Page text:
One of Canada’s greatest wartime commanders, General Crerar was born and educated in Hamilton, Ontario. Graduating from the Royal Military College in 1909, he took a position with the Ontario Hydro-Electric Commission, Toronto.
At the outbreak of the Great War, he was a Lieutenant in Toronto’s 4th Battery, 2nd Brigade, the Non-Permanent Active Militia. He immediately joined Canada’s First Division, going overseas with the First Contingent. He served in France, initially with the 3rd Field Artillery Brigade, later as Brigade Major of the 5th Canadian Divisional Artillery. A recognized leader in the development of modern artillery, he designed the most massive, most intricate and successful creeping barrage in the latter days of the war. This three-day barrage at the Canal du Nord halted the final German advance and was considered a brilliant use of artillery. His exceptional work was recognized in the award of the Distinguished Service Order. By October 1918, he was a Lieutenant-Colonel.
After the war, he remained in the army and was appointed to the General Staff, Ottawa. Following attendance at the British Staff College, he returned to Kingston as Professor of Tactics, Royal Military College. He represented Canada at the 1932 Geneva Disarmament Conference and the London Imperial Conference of 1937. In 1935, he was promoted to Colonel with the appointment as Commandant, Royal Military College.
Immediately following the declaration of war in 1939, he was promoted and dispatched to Britain to prepare for the arrival of the Canadians. In July, the following year, he returned to Ottawa, a Major-General and chief of the General Staff. In 1941, he was promoted to Lieutenant-General.
Late in 1941, he returned to England to command the 2nd Canadian Division, reverted to Major-General. On arrival, he became a temporary Corps Commander and was promoted to Lieutenant-General for the second time. In April 1942, he was given permanent command of the 1st Canadian Corps.
“Uncle Harry,” as his senior staff affectionately called him, assumed command of the First Canadian Army, 20 March 1944, less than three months before the allied assault on Normandy. By August, after Caen had fallen, he commanded the Canadian troops in the field. As well as three Canadian Divisions (the 2nd, 3rd and 4th), the Polish First Armoured Division, the British 49th (West Riding), and 51st (Highland) Divisions were to remain with him almost to the end of hostilities. During his campaign, American, Belgian, Czech, Dutch and French forces were attached to his army. He was adept at getting the best from these widely-differing forces.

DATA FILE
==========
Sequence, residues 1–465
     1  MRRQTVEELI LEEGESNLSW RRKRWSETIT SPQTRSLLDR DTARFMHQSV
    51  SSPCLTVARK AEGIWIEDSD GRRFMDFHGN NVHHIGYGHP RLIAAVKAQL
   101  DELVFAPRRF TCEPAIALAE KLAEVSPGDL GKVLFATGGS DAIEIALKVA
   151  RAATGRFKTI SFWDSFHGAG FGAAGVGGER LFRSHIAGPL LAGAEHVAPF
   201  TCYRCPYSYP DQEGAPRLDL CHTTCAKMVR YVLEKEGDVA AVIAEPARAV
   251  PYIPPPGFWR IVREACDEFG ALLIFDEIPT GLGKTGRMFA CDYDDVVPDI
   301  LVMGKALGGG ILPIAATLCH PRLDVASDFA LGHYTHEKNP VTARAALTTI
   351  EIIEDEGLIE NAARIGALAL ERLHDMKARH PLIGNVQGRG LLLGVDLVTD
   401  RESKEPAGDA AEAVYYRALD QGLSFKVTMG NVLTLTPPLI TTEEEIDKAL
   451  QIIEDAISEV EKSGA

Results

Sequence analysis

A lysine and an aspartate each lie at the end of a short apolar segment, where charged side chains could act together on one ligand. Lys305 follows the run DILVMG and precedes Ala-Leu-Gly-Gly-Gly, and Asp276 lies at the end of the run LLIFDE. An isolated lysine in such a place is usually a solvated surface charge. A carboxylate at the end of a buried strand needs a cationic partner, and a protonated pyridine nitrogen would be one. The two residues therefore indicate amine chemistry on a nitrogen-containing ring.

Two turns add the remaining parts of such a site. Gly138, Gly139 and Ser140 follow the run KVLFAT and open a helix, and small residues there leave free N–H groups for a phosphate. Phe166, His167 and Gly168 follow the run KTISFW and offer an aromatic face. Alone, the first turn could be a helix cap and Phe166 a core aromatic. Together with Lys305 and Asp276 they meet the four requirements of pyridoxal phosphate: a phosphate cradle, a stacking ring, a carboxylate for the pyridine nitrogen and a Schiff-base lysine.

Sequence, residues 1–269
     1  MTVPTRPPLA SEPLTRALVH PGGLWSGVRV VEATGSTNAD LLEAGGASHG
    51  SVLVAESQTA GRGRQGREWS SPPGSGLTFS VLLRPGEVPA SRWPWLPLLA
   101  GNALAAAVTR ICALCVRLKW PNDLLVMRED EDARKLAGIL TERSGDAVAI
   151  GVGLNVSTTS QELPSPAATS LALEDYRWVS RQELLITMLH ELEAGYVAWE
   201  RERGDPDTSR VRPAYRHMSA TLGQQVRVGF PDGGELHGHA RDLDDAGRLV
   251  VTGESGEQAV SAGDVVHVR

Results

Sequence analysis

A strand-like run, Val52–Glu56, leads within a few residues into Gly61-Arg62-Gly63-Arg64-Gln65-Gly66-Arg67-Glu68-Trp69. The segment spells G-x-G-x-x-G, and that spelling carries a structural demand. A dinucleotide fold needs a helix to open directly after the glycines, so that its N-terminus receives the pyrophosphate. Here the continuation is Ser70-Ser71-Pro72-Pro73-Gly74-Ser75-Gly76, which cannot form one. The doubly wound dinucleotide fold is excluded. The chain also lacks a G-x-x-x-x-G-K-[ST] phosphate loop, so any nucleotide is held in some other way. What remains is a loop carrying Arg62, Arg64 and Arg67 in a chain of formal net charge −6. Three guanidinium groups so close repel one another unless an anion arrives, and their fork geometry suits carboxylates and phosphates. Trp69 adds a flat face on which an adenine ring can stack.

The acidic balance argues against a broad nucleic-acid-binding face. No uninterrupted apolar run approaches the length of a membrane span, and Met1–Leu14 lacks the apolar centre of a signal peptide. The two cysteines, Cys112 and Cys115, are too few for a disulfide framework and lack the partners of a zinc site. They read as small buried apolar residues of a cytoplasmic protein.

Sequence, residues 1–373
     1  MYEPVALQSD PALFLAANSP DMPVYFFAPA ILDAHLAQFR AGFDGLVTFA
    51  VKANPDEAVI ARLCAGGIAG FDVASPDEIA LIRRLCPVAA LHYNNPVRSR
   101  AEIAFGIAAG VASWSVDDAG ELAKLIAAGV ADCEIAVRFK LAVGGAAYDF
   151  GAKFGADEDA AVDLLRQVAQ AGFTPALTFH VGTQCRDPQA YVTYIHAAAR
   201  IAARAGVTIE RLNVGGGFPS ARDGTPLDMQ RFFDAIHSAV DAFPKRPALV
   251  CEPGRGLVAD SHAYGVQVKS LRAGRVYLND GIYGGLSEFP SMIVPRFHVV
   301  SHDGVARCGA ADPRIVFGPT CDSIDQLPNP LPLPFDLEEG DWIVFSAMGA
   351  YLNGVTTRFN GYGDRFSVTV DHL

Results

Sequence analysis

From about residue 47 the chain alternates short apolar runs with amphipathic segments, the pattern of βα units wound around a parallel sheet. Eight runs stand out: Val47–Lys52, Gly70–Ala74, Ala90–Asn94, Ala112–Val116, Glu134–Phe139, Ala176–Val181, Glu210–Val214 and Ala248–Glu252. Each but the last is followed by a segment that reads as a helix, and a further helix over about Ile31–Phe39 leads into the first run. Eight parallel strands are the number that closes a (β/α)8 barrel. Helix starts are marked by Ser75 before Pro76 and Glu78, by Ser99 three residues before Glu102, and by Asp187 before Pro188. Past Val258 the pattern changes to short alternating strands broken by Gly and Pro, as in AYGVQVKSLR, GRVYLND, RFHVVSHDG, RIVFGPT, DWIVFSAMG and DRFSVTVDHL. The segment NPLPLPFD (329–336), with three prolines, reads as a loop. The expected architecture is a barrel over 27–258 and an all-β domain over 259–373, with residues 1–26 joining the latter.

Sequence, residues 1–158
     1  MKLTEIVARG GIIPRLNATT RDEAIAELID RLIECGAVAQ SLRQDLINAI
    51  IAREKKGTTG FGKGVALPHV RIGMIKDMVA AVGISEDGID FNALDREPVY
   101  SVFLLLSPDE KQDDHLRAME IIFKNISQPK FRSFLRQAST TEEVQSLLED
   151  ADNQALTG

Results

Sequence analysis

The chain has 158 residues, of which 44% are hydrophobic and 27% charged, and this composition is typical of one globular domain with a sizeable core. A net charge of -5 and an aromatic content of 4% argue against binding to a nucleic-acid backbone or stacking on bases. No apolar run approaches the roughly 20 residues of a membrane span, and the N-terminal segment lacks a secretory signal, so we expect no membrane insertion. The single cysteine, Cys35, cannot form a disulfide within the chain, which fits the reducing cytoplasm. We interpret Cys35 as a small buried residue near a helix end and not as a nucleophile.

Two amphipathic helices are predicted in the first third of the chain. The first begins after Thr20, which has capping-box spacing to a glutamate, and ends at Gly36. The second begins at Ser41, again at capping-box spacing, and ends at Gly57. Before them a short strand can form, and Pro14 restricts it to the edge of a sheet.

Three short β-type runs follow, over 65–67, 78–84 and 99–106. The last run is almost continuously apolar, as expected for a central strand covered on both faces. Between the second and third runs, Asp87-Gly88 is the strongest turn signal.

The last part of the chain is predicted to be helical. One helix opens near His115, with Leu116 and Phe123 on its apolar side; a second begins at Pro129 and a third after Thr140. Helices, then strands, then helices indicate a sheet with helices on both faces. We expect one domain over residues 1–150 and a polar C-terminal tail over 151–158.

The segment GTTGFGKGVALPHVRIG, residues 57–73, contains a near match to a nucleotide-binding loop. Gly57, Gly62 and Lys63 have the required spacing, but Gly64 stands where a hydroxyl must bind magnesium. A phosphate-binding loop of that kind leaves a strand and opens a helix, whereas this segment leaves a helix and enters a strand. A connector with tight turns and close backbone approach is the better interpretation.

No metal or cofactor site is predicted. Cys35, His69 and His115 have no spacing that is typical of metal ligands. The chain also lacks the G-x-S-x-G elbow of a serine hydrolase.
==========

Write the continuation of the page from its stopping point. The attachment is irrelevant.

After the Canadians broke the Caen “hinge”, he directed one of the great battles of the war, throwing his formations into Falaise and closing the Trun Gap. The great pursuit followed this through France and Belgium, which extended from Le Havre to the Scheldt estuary and Antwerp. This extended front required him to spend much of his time visiting the British divisions in Le Havre, the 3rd Canadians at Boulogne and Calais, the 4th Canadians at Bruges and Ostende, the Poles at Terneuzen, the Americans near Turnhout and the 2nd Canadians in Antwerp, which was an outstanding feat by any measure.
After the bloody battles of the Leopold Canal, the Breskens Pocket and Walcheren Island, he led his army into the Nijmegen salient to prepare for the final assault into Germany.
In February, he threw his army against the Northern flank of the Siegfried Line, a prelude to winning the great battles of the Reichswald and Hochwald forests, thereby setting the stage for the great British and American drives into the Ruhr and the plains of northern Germany.
With the addition of the 1st Canadian Corps from Italy, he launched his forces through western and northern Holland and northwestern Germany. It was here that the war ended for the First Canadian Army. The King honoured him, appointing him to the Order of the Companions of Honour.
He was the first Canadian to gain the rank of General while on active service at the front. His contribution to the Canadian Military and the war effort was immense. Their victories had a significant bearing on the Allied advance through France, Belgium, Holland and into Germany.
He retired in 1946 after serving Canada for more than 35 years. His career spanned two world wars, decorated by France, Belgium, the USA, Poland and Holland.
One of the most distinguished military leaders produced by Canada, he died in Ottawa in 1965.